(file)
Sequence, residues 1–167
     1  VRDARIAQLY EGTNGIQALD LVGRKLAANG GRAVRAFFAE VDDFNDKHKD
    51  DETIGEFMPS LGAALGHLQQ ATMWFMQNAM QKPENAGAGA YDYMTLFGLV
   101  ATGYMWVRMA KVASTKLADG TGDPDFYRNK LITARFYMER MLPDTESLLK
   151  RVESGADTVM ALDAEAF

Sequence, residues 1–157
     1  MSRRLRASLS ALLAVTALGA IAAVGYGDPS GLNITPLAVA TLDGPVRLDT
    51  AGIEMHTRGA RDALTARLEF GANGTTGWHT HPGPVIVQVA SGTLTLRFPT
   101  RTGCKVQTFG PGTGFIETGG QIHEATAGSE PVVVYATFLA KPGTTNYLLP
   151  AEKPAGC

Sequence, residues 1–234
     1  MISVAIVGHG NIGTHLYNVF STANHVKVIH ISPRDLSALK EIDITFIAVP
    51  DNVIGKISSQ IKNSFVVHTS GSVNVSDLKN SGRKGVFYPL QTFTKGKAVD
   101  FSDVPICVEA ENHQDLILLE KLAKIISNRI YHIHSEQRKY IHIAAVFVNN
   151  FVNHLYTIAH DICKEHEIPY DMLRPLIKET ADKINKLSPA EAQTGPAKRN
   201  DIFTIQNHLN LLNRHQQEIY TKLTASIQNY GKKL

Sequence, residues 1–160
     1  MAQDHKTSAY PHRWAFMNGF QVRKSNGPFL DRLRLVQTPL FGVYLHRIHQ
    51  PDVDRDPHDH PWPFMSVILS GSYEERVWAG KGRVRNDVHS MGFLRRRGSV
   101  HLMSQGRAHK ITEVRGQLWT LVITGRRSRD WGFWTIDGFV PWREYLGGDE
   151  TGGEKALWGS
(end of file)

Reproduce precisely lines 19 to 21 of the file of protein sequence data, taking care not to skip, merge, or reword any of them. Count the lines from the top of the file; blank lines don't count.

    51  PDVDRDPHDH PWPFMSVILS GSYEERVWAG KGRVRNDVHS MGFLRRRGSV
   101  HLMSQGRAHK ITEVRGQLWT LVITGRRSRD WGFWTIDGFV PWREYLGGDE
   151  TGGEKALWGS